In March 2016, defendant made application pursuant to N.J.S.A. 2C:25-29(d) to dissolve the FRO, alleging a "substantial change of circumstances" since its entry nearly twelve years earlier in 2004. In her supporting certification, defendant alleged the FRO should be dissolved to permit the parties to mediate a new parenting time schedule. She alleged the FRO posed a hardship to her in obtaining other employment. Other changed circumstances since 2004 included plaintiff's move to Florida and the support of his former girlfriend to vacate the FRO.

         Defendant claimed that plaintiff no longer feared her. She alleged that in 2006, they shared a hotel room for a week with their children while at a tournament in Florida. They also entered into a real estate joint venture. According to defendant, plaintiff attended her fortieth birthday party in 2008 at his restaurant, and he stayed with the children and her parents in Hilton Head. She claimed he made sexual advances to her. With respect to his current wife, defendant claims they communicated cordially at least until 2014 and 2015 when defendant filed post-judgment matrimonial orders to show cause, accusing plaintiff of taking their teenaged son to Florida for spring break and not timely returning him.

         Defendant's application to dissolve the FRO did not include the transcript of the 2004 FRO hearing. By way of explanation, defendant attached a copy of an e-mail from the Morris County Superior Court Operations Division that stated, "neither tape is working, so there is nothing for you to listen to." A later e-mail reported that "it was discovered that one of the tapes was blank, " but there was a second half with the judge's decision. A May 4, 2016 certification from a tape transcript processing employee in the Morris County vicinage stated that the audio tapes of the 2004 FRO hearing were blank.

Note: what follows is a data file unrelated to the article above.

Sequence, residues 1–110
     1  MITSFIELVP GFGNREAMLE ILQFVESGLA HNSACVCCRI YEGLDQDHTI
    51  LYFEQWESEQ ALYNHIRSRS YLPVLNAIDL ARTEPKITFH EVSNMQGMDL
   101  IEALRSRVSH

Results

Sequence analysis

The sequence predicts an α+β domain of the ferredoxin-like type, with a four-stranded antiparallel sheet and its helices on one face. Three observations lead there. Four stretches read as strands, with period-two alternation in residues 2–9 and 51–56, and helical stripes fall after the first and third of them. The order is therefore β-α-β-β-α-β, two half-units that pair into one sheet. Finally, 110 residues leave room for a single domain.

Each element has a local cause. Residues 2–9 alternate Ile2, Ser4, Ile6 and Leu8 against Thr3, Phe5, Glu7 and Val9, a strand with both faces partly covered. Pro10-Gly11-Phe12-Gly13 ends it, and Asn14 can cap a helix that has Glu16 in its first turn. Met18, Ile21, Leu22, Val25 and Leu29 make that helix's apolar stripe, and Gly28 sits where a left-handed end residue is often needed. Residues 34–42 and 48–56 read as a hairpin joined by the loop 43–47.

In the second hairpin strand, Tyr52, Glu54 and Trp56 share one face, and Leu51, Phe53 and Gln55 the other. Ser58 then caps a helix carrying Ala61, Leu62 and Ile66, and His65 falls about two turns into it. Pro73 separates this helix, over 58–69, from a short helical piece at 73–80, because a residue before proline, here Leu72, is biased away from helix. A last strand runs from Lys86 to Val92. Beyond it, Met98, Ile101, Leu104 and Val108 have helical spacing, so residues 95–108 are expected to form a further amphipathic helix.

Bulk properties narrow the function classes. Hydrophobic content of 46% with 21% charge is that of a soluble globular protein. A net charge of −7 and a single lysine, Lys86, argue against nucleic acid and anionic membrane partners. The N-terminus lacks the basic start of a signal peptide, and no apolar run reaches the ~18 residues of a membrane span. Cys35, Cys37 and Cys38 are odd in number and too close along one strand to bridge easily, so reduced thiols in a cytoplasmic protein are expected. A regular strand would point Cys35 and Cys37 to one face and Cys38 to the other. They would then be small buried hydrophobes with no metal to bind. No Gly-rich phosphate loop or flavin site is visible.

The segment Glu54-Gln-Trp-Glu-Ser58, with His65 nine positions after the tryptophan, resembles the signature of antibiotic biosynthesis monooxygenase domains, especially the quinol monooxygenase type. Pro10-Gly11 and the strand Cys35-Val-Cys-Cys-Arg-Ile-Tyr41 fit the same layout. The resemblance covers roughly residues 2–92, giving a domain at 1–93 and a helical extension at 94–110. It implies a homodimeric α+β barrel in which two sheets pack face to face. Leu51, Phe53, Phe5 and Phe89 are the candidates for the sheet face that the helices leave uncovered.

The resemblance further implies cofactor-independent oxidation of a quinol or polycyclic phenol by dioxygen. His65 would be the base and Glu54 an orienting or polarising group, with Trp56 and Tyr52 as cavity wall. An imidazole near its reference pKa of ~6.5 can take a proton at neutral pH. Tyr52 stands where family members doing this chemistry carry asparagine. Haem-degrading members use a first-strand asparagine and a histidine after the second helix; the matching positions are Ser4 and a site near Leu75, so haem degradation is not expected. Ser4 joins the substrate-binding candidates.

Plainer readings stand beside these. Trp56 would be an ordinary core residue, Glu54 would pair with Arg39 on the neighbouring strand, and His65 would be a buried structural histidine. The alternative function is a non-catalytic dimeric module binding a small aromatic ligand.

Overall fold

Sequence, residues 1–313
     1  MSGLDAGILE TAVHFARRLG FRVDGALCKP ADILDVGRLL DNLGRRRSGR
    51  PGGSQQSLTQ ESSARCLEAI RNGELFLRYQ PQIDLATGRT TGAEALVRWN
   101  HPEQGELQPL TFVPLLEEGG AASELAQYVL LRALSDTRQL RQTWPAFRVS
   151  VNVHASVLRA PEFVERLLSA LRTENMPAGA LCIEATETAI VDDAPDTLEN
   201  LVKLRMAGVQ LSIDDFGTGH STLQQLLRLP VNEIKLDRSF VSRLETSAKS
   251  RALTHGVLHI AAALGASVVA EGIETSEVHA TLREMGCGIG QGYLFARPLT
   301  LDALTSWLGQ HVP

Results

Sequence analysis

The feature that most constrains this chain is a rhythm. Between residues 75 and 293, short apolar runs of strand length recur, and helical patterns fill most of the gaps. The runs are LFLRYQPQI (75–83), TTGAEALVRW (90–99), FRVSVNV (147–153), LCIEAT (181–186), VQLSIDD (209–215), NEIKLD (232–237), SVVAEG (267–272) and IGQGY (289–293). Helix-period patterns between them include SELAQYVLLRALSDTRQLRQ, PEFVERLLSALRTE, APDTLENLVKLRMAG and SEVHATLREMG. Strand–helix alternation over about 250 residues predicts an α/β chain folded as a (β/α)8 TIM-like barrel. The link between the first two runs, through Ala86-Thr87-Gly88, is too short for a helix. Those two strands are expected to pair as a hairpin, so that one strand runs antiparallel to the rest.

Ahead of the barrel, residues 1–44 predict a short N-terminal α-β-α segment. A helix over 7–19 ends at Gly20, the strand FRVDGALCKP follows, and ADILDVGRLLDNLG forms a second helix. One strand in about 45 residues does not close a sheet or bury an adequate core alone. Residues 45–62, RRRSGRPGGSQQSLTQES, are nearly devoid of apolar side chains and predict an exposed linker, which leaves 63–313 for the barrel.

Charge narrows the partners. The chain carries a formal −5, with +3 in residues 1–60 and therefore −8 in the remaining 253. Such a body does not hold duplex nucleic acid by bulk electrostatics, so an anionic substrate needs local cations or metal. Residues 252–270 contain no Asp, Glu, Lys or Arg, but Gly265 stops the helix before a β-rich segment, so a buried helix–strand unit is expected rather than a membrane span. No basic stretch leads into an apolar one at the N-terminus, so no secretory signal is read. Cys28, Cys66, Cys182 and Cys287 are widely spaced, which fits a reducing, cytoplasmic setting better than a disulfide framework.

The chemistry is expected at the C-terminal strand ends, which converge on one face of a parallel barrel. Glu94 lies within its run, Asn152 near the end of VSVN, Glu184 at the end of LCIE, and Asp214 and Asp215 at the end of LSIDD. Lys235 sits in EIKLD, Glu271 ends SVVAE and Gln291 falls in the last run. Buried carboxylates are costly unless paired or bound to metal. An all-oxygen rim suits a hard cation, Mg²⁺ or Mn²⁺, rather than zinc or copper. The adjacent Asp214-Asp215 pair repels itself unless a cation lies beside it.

Plaintiff "strongly" opposed the dissolution of the FRO and filed a cross-motion for attorney's fees.[4] In his certification, plaintiff alleged defendant was "violent, irrational, and mentally unstable." He remained "extremely fearful of [her] and very concerned about [his] safety and security" should the FRO be dissolved. He denied sharing a hotel room with defendant and the children, hosting a birthday party for her, staying at Hilton Head with her parents, or making sexual advances. He emphasized that the real estate investment in 2006 was conducted through an attorney. Plaintiff claimed that in 2014, defendant called the former spouse of his current wife (Rhonda) and made spurious accusations concerning his interactions with the children and his relationship with Rhonda. Plaintiff also rejected any proposal to mediate parenting time issues. The parties had been in court in 2014, 2015 and 2016 on multiple post-judgment matrimonial motions concerning parenting time with their teenaged son and other related matters.

         In an order dated May 6, 2016, the Family Part denied defendant's application to dissolve the FRO because it did not include a copy of the 2004 FRO hearing transcript. The court based its ruling on the plain language in N.J.S.A. 2C:25-29(d), which requires a "complete record of the hearing" before dissolving or modifying any final order. The Family Part also expressly relied on this court's decision in Kanaszka v. Kunen, 313 N.J.Super. 600 (App. Div. 1998), which held:

In cases where the motion judge did not enter the final restraining order, we hold the "complete record" requirement of the statute includes, at a minimum, all pleadings and orders, the court file, and a complete transcript of the final restraining order hearing. Without the ability to review the transcript, the ...